With climate veteran Al Gore’s new film, An Inconvenient Sequel, in theatres this month, the mixed, sometimes brutal reaction to the film is emblematic of a still-polarized public debate over climate change, and the relentless battering Gore himself has taken since the release of his Academy Award-winning An Inconvenient Truth in 2006.
While Sequel has largely received a warm welcome within the climate and energy community, critical coverage has touched on old themes and new: that the film puts too much spotlight on Gore, potentially exaggerates his role in brokering a key component of the 2015 Paris agreement, and is destined by its very existence to further divide an already fractured public dialogue. But the reportage also includes snapshots of the film’s potential as a powerful front-line organizing tool.
Writing in New Scientist, Climate Outreach Research Director Adam Corner suggests Gore “should have stayed in the wings for the follow-up” to his original production, rather than producing a film that will mainly preach to the converted.
While the partisan split over climate has persisted over the last 11 years, “public attitudes to the political establishment have changed markedly, with a populist backlash far and wide,” Corner writes. “In this context, is a film fronted by a highly polarizing political figure the right choice for a big-budget climate campaign in 2017? Unless Gore and the film’s producers envisage campaigners dragging their climate-skeptic uncles to the cinema with them, the documentary can only hope to further galvanize the already-concerned.”
A more effective choice, he argues would have been “for Gore to remove himself from the picture, dial down the Republican-baiting, and instead provide a platform for new, less politically divisive voices.”
Climate hawk Eric Holthaus makes a similar argument on Grist, citing early ratings for the second film to argue that Gore “might be an inconvenient vessel for this message”: of the first 1,219 IMDb users to rate Sequel, 38.8% gave it a perfect 10, 43.1% rated it 1 out of 10, and the remaining 18.1% fell somewhere in between.
“The very definition of a polarized population,” tweeted @kevpluck.
But Holthaus also describes the moment when Sequel become the film he wanted to see.
“I turned the corner on An Inconvenient Sequel when Gore steps aside and lets his most important career achievement—the thousands of activists he’s personally trained over the past decade—take the stage,” he writes.
“Since 2006, Gore’s Climate Reality Project has conducted 35 workshops training more than 12,000 activists from ages 7 to 87 representing 137 countries. Gore himself usually presents roughly half the content. These trainees then go on to give the famous slide show at schools and community organizations. They are able to relate personally to their audience—without any of the political baggage that Gore carries everywhere with him.”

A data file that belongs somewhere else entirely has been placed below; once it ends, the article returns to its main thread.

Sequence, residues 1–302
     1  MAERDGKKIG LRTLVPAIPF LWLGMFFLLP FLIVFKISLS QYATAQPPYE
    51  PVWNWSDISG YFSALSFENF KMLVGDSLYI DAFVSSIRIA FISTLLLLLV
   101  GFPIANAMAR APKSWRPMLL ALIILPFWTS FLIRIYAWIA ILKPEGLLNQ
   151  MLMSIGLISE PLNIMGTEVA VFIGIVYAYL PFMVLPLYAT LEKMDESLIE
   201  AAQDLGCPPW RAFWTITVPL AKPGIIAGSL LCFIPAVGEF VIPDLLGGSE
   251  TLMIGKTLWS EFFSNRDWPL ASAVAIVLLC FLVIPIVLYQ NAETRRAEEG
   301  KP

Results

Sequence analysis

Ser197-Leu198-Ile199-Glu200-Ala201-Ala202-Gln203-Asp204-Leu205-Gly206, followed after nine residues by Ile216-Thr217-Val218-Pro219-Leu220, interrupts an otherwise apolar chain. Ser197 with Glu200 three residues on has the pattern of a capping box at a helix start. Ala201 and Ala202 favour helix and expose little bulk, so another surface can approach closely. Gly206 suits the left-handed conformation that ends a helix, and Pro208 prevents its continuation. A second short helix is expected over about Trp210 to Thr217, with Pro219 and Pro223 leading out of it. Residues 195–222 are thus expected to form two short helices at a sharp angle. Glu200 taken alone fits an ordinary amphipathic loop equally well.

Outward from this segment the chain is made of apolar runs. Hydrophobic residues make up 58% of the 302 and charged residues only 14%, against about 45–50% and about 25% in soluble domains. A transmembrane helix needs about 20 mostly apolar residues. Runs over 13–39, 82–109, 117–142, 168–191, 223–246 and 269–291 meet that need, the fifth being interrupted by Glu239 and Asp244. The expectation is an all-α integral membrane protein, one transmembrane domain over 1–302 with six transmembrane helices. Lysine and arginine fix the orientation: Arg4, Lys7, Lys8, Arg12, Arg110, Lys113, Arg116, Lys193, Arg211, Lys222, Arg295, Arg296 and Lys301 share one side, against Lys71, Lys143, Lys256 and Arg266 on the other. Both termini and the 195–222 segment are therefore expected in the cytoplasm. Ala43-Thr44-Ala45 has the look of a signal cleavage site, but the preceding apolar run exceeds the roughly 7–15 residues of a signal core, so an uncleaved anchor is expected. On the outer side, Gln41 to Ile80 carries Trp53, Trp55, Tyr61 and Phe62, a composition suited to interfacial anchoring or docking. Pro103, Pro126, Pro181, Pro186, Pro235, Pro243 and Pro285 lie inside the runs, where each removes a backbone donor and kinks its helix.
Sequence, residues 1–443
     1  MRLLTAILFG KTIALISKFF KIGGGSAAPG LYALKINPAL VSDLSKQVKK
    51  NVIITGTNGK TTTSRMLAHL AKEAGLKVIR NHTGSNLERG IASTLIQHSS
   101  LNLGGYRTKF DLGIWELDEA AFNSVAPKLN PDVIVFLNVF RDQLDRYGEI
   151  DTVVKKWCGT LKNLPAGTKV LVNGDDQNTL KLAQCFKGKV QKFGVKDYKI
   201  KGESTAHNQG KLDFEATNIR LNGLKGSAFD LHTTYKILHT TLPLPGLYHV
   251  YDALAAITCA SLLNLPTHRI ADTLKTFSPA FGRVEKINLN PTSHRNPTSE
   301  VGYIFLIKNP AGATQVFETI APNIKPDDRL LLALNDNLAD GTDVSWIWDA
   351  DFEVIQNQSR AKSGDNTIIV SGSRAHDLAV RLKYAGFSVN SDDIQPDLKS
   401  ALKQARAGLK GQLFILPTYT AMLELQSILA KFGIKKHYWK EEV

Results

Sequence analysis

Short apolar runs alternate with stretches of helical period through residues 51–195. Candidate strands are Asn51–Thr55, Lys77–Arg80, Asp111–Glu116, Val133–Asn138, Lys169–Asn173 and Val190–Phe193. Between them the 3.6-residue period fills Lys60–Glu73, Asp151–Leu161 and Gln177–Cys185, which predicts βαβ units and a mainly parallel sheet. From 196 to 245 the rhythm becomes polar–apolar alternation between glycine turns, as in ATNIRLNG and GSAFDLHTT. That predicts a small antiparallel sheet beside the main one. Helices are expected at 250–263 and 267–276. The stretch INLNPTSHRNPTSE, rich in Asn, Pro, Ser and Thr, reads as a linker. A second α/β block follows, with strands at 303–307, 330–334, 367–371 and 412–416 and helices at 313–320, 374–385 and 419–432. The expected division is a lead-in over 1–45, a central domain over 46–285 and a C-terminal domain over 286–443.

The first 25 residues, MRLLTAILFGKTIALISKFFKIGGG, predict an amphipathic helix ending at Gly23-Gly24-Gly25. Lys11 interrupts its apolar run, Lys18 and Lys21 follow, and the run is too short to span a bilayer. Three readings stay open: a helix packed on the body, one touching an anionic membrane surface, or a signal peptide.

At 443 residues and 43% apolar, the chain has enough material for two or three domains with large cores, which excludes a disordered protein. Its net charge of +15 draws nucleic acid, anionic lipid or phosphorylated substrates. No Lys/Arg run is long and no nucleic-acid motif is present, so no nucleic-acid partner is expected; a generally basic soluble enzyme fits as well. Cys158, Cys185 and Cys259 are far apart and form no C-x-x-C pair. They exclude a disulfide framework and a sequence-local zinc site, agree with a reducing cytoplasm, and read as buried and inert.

[From direct experience, the 2013 training in Chicago was worth every minute. In Canada, Climate Reality reports that 621,251 people have attended a community presentation.]
On New Republic, meanwhile, staff writer Emily Atkin takes aim at the predictable, inevitable alt-right backlash against Gore’s supposedly sky-high carbon footprint. The conservative National Center for Public Policy Research first introduced the argument in response to An Inconvenient Truth, and now…it’s back.
“Climate deniers, funded by the fossil fuel industry, continue to wage misleading personal attacks on Al Gore as a way of trying to cast doubt on established climate science and distract attention from the most serious global threat we face,” Gore Communications Director Betsy McManus told Atkin. “Vice President Gore leads a carbon-neutral life by purchasing green energy, reducing carbon impacts, and offsetting any emissions that cannot be avoided, all within the constraints of an economy that still relies too heavily on dirty fossil fuels.”
But Atkin takes the issue a step farther, questioning the very notion that climate advocates should be expected to live carbon-neutral lifestyles.
“Ultimately the argument is deceitful faux-populism,” she writes, “and the real hypocrites here are the purveyors of it.” She chronicles a relentless barrage of attacks—on Gore and many other climate and clean energy advocates—underscoring the disconnect in the argument itself.
“An anti-abortion advocate who believes abortion is immoral and should be illegal, but gets one herself, is a hypocrite,” Atkin writes. “But climate change advocates who don’t live a carbon-neutral lifestyle aren’t hypocrites because, for the most part, they’re not asking you to live a carbon-neutral lifestyle. They’re asking governments, utilities, energy companies, and large corporations to increase their use of renewable energy so that you can continue to live your life as you please, without contributing to global warming.”
In an interview with The Guardian, Gore puts the attacks in the context of a wider “assault on reason” that he traces back to “dark money”, billionaire political funders, and a democratic process he says has been “hacked”.
“In order to fix the climate crisis, we need to first fix the government crisis,” he says. “Those with access to large amounts of money and raw power have been able to subvert all reason and fact in collective decision-making,” making it clear that they’re “trying to cripple our ability to respond to this existential threat.”